August 25 – what if i were born in India?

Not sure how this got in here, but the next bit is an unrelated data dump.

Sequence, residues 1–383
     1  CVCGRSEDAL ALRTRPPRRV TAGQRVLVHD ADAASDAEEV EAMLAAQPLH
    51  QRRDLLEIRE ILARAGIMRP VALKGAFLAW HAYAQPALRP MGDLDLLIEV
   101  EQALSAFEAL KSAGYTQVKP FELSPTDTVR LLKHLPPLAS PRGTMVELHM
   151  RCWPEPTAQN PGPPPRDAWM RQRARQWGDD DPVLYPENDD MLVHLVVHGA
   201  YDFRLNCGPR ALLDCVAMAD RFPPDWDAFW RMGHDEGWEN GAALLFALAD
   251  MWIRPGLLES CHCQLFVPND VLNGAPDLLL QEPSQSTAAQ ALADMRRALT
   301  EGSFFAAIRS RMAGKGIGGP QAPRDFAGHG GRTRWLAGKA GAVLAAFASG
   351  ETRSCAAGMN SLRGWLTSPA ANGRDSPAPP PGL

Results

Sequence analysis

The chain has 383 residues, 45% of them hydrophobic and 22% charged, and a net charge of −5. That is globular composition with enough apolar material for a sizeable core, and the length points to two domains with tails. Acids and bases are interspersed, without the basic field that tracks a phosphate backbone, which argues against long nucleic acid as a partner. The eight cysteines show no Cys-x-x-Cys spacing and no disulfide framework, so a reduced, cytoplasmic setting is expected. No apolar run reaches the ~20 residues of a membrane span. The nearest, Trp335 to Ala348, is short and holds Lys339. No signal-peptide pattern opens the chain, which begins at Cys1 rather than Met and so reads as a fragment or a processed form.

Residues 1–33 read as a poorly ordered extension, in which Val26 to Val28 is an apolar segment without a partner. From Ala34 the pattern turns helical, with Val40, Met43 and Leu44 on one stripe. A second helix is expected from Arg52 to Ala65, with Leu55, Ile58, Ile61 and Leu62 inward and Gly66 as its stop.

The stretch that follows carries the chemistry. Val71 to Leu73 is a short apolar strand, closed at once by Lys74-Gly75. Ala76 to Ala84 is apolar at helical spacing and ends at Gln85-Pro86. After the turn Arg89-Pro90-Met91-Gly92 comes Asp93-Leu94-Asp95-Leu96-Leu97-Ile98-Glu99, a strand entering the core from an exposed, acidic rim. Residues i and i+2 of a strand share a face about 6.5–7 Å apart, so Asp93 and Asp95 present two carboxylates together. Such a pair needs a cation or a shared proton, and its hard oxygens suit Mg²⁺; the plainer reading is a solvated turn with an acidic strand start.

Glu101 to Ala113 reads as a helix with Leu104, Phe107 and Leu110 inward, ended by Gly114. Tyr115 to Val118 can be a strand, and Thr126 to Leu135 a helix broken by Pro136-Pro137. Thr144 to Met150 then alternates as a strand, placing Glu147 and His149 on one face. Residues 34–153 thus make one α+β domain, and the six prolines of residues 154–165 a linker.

32/365 – people to thank who have had an impact on me. I was born in Canada 50 years ago and have traveled to the motherland about 5 times in my life. My parents come from two different sides of India but my dad’s side of the family is from a much more rural area and their livelihood depends purely upon farming. They still have water buffalo from which they get their milk and running water is from a hand pump connected to a well. Given this life, one would expect perhaps some type of covert bitterness or envy when the “wealthy Canadian family” comes to visit but my cousin Sarabjit is far from this. He is about a decade my junior but he treats me like a younger, inexperienced brother proudly showing me the town, the fields, the lay of the land, cooking food and of course making his own moonshine for me. Every time I have visited him, he has taken me into a bear hug and definitely makes me feel a welcome part of his home. He was physically ousted from his family’s home along with his wife and kids and set up his temporary home in a reconverted habitat originally for the water buffalo. He slowly, through arduous physical labour, accumulated enough to buy a small place for his family and is doing the best he can for them. I am often saddened when I see the type of life he (and many in India) leads but I do realize that I am seeing it from a Western lens and putting my judgment on something that I have very little knowledge of. I have learned from interacting with him that he lives for the moment/the day – there are no major vacation plans, hockey enrolments, concert ticket purchases, investment planning for 3 weeks or 6 months or 10 years from now but enjoying the present day with whatever you have/has been given to you. I have also learned from him through real experiences that things happen in life (weather ruins crops resulting in lost revenue) and it is something that you just deal with and move on from. I have learned to put my life into perspective because of the way my cousin Sarabjit and his family live their daily existence – I know that I am very fortunate and have a way easier life in all respects but I often wonder who is happier in the end: the person who doesn’t know what they are missing or the person who has it all and is trying to keep it all from going missing. I truly thank you Sarabjit for giving me reasons to be thankful in my life but I thank you more so for being the brother, albeit one I see very rarely, that I never ever had in my own life.


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